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Dollars, dolors. Callings and contrivances. King Zulu. Comus.
Sephardic ju-ju and verses. Voodoo mojo, Special Forces.
Henry formed a group named Professor Longhair and his
Shuffling Hungarians. After so much renunciation
And invention, is this the image of the promised end?
All music haunted by all the music of the dead forever.
Becky haunted forever by Pearl the daughter she abandoned
For love, O try my tra-la-la, ma la belle, mah walla-woe.
--from "Gulf Music"
An improvised, even desperate music, yearning toward knowledge across a gulf, informs Robert Pinsky's first book of poetry since Jersey Rain (2000).
On the large scale of war or the personal scale of family history, in the movements of people and cultures across oceans or between eras, these poems discover connections between things seemingly disparate.
Gulf Music is perhaps the most ambitious, politically impassioned, and inventive book by this major American poet.
Posted February 9, 2009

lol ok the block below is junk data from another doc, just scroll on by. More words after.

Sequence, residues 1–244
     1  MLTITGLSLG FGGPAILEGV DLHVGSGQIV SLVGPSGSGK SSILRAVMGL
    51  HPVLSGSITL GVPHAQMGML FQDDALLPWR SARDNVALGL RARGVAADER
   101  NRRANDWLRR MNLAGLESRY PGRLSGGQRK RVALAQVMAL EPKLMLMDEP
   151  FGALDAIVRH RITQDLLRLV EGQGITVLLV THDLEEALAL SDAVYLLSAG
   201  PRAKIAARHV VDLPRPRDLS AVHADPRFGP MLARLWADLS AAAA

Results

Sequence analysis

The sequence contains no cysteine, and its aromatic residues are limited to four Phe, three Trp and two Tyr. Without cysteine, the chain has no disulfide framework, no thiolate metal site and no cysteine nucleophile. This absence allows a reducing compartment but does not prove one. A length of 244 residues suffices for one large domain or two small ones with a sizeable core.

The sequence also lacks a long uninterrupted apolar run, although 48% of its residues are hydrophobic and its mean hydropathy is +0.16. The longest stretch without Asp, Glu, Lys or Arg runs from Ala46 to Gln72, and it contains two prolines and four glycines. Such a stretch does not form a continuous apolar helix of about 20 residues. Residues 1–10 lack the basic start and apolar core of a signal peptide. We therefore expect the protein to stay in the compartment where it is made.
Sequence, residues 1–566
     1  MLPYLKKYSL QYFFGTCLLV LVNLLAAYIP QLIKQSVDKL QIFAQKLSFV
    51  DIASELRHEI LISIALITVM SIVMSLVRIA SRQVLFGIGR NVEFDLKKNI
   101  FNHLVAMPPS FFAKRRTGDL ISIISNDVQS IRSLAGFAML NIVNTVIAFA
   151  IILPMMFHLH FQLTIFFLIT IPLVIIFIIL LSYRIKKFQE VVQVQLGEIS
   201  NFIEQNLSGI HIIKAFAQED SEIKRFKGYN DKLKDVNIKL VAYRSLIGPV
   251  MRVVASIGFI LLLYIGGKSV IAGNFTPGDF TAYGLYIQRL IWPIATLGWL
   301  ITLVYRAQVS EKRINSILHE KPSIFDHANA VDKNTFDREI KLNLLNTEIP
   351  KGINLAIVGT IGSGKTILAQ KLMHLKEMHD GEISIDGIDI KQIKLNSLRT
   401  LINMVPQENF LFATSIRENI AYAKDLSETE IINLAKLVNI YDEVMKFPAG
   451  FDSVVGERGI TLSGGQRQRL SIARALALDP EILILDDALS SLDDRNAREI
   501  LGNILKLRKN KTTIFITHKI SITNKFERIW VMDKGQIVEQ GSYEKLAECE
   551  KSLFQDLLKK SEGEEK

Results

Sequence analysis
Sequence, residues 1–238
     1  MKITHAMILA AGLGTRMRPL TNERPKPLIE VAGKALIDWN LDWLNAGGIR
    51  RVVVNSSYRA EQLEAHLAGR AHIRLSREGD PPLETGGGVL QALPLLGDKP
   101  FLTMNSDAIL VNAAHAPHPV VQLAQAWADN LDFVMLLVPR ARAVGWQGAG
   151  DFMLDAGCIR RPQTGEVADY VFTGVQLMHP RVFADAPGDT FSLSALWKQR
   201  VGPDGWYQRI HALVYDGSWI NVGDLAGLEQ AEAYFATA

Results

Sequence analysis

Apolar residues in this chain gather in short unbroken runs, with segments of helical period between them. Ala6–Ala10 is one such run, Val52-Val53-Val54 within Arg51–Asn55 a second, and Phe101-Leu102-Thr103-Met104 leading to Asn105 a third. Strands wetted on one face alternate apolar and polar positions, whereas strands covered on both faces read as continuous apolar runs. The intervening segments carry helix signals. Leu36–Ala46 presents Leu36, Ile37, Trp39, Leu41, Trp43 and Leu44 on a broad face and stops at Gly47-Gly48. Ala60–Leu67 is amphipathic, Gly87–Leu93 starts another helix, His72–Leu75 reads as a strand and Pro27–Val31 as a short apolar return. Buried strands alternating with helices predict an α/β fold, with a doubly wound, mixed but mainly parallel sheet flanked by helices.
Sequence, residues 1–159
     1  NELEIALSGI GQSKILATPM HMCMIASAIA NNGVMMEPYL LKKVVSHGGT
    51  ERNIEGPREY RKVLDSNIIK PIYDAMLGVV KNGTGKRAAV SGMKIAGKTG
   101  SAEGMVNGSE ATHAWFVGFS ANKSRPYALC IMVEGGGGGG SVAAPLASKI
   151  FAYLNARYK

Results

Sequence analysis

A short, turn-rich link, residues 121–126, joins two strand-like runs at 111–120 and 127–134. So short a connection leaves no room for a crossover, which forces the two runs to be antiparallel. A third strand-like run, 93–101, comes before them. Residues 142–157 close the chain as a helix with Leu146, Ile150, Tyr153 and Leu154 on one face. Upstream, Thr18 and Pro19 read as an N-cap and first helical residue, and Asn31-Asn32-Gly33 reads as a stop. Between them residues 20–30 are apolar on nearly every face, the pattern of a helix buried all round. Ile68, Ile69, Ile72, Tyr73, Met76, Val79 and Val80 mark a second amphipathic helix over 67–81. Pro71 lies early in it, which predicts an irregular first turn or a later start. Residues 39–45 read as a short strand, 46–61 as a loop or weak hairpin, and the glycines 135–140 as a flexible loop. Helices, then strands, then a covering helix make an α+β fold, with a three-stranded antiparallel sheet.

Before a rapt audience, Robert Pinsky recently stepped to the podium of the Fullerton Room of the venerable Art Institute of Chicago. He acknowledged the richness of the place and the art itself 21st century Chicago has become. With his uncommon grace and usual dignity, the former Poet Laureate of the United States hesitate, looked around the filled to capacity auditorium, paused, and began,<BR/><BR/> I drowned in the fire of having you, I burned<BR/> In the river of not having you, we lived<BR/> Together for hours in a house of a thousand rooms<BR/> And we were parted for a thousand years.<BR/> Ten minutes ago we raised our children who cover<BR/> The earth and have forgotten that we existed<BR/><BR/> It was not maya, it was not a ladder to perfection,<BR/> It was this cold sunlight falling on this warm earth.<BR/><BR/> When I turned you went to Hell. When your ship<BR/> Fled the battle I followed you and lost the world<BR/> Without regret but with stormy recriminations.<BR/> Someday far down that corridor of horror the future<BR/> Someone who buys this picture of you for the frame<BR/> At a stall in a dwindled city will study your face<BR/> And decide to harbor it for a little while longer<BR/> From the waters of anonymity, the acids of breath<BR/><BR/>Then silence. And caught in my seat by the crashes of his verse, I heard Pinsky say, ¿ `Antique¿, from Gulf Music, it¿s the second to last poem in the book.¿ Almost whimsically he continued, ¿I was angry at the time I wrote it. I was angry with, with Bush, and Cheney, and Gonzales, and our foreign policy. Then it just became something else. It evolved into something else.¿ More silence. And from what I could tell, no one exhaled.Was this review helpful? Yes NoThank you for your feedback. Report this reviewThank you, this review has been flagged.